“The debates will be a lot more entertaining than they would have been with Todd Muller. He never seemed comfortable in his skin, while Judith Collins oozes confidence,” said Neale Jones, a former senior Labour adviser.

“Judith Collins will want to run a very combative campaign. She’s talked very clearly about bringing the fight and not putting up with Jacinda Ardern’s ‘nonsense’. I think Jacinda Ardern will try to avoid getting drawn into a fight,” he added. “It’s just not her style. She’s not a scrapper.”

Judith Collins and Jacinda Ardern appear together on the AM Show, April 2017

The two women, while espousing contrasting political ideologies, will overwhelm the national electorate with one thing in common: they’re both “authentic personalities,” according to former National ministerial advisor Brigitte Morten. Neither of them will hit you with much spin, they’ll both be pretty straightforward, she said.

The rival pitches

It’s now possible to sketch out what much of the next eight weeks will look like. Beyond the policy announcements and micro-scandals, though, the underlying narrative is written in beach sand. A rogue wave of Covid-19 could always sweep it away.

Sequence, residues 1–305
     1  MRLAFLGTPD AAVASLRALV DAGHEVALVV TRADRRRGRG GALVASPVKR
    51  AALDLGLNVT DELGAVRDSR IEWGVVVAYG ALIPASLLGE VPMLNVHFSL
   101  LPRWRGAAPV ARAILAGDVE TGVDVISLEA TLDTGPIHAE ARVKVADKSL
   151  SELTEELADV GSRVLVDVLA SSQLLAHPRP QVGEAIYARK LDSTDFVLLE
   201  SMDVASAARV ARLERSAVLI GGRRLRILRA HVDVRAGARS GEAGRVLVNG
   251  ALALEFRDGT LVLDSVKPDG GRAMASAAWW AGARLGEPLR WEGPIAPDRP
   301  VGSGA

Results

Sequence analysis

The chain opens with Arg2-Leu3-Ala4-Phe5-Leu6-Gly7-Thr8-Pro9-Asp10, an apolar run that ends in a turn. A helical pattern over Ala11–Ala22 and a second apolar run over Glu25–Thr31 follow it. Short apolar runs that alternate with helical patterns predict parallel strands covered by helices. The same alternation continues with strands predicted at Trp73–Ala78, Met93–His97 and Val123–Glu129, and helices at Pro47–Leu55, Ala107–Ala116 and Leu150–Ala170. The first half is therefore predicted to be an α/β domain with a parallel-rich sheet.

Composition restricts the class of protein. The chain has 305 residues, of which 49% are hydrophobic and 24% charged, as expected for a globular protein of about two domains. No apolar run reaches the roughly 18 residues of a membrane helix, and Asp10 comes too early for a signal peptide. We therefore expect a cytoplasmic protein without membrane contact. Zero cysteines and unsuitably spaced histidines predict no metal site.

Labour will appeal to the great mass of voter in the middle for more time – or as the party’s slogan puts it, “Let’s keep moving.” The underlying argument is that Ardern was thrust into top job with little experience, she’s shown great promise through tragedy and with a stronger team she’ll do well over the next three years.

The reply from National: they didn’t deliver. They didn’t build houses, they didn’t build light rail, they didn’t crush childhood poverty. Ardern might be well-meaning, but she’s got few good ministers and she’s in over her head. Throw the keys back to the people who have decades of experience in the Beehive.